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Funding vital for overdose reversal nasal spray

15 Feb 2024

Drug harm experts say funding for a nasal spray that reverses opioid overdoses is critical in the face of an increasingly toxic drug supply and the emergence of powerful synthetic opioids.

Pharmac’s Pharmacology and Therapeutics Advisory Committee (PTAC) will tomorrow consider an application to fund Nyxoid, a nasal spray version of naloxone, which currently costs $92 for a pack of two.

Sarah Helm, executive director of the NZ Drug Foundation Te Puna Whakaiti Pāmamae Kai Whakapiri who made the application, says that funding for the medicine is becoming more crucial as powerful new opioids enter the country.

“Having Nyxoid funded would be a game changer for saving lives in the community,” says Helm.

“Opioids, both illicit and on prescription, were implicated in almost half of all fatal overdoses between 2017 and 2021. We’ve also seen the emergence of powerful new opioids called nitazenes that have been sold as other substances and are likely linked to several fatalities. So having lifesaving tools like this out in the community is vital.”

“While we’ve seen some good progress with getting injectable naloxone funded and available through needle exchanges, this nasal spray version is far easier to use by the general public. It can also be used by non-medical staff like police, community workers and caregivers.”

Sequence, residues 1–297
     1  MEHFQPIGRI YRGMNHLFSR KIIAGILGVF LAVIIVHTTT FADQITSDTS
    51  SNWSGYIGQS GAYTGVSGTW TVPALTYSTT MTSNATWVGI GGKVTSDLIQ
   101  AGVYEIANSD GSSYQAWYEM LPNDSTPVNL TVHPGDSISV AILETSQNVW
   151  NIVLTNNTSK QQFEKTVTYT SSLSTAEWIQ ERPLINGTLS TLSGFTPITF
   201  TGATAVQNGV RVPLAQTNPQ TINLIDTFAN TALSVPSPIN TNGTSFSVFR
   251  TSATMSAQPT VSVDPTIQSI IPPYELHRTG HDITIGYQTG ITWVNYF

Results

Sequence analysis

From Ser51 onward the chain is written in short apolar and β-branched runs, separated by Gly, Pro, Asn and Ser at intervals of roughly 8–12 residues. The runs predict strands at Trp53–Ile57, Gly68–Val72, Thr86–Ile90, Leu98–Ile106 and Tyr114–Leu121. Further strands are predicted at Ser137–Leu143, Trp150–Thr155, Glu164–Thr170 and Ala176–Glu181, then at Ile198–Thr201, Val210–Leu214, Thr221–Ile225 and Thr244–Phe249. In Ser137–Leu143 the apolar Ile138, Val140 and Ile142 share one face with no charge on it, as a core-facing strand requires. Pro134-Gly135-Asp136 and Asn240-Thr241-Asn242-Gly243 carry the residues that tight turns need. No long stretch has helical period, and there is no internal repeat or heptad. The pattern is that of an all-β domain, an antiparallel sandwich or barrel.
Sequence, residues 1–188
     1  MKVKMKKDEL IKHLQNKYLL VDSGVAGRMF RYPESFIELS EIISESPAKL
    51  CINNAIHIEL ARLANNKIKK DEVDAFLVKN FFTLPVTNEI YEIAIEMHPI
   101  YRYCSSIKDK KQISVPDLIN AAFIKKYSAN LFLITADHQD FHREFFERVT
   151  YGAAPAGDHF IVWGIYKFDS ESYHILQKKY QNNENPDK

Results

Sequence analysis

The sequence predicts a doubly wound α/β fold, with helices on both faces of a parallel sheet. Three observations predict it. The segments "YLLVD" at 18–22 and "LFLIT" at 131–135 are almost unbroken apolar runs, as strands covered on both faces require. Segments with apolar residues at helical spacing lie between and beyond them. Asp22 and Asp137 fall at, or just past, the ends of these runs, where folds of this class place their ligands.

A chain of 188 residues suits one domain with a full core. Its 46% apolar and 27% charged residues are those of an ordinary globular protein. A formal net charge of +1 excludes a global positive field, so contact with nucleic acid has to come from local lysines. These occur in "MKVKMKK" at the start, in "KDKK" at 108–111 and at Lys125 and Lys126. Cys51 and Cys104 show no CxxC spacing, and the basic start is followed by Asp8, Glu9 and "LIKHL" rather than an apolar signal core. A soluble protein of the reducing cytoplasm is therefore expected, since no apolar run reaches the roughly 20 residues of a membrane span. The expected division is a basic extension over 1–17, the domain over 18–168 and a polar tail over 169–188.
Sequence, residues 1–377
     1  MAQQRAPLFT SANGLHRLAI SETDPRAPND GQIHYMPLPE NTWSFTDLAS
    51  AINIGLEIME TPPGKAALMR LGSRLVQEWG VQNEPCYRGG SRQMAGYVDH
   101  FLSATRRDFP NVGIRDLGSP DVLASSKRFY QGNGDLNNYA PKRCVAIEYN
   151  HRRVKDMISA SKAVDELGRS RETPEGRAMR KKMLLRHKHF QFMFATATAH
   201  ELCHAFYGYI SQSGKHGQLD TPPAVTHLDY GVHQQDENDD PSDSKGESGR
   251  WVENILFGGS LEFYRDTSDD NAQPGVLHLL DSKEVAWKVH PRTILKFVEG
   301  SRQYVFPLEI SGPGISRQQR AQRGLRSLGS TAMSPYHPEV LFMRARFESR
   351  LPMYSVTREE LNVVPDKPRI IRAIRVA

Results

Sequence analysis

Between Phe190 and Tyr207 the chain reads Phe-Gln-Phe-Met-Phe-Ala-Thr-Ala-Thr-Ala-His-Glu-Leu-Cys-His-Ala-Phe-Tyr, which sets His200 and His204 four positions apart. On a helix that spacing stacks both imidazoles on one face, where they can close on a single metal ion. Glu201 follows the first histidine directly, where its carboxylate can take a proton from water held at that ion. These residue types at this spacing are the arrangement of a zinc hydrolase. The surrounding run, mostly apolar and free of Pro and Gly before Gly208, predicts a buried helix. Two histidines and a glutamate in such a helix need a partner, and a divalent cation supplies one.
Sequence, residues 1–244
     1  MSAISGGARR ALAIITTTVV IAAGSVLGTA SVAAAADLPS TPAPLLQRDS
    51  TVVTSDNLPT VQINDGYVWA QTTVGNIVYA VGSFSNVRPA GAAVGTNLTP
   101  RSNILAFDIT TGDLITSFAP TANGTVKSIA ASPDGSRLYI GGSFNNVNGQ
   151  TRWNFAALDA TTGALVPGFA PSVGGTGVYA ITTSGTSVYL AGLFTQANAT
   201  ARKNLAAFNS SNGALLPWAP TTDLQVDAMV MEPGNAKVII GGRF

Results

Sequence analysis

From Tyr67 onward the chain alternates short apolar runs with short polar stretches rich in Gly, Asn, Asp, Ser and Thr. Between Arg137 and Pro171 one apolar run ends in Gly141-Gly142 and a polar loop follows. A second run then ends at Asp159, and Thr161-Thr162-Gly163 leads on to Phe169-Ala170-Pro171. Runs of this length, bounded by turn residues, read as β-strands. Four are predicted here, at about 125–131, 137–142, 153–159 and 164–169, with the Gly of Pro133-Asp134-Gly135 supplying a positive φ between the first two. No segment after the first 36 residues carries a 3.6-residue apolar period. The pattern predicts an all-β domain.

“In an emergency like an overdose, having a simple tool like this on hand can be the difference between life and death. If Nyxoid gets funded I have no doubt we will see a lot of people in the community carrying it.”

Carl Greenwood, general manager of Wellington’s Drugs Health and Development Project, agrees that having Nyxoid out in the community would make a big difference.

“It’s a no-brainer if we want to reduce fatal opioid overdoses,” he says. “Most people are going to be much more comfortable using a nasal spray if they’re coming to the aid of someone who is overdosing.”

In Australia, Nyxoid is freely available with no prescription to anyone who may experience or witness an opioid overdose as part of the country’s Take Home Naloxone programme. The programme was funded by the Australian Government after a pilot was estimated to have saved up to three lives a day between 2019 and 2021.

PTAC is a committee of senior health practitioners that provides clinical advice to help Pharmac make funding decisions. Its recommendations from this week’s meeting will be published in June, at which point Pharmac will consider any funding.





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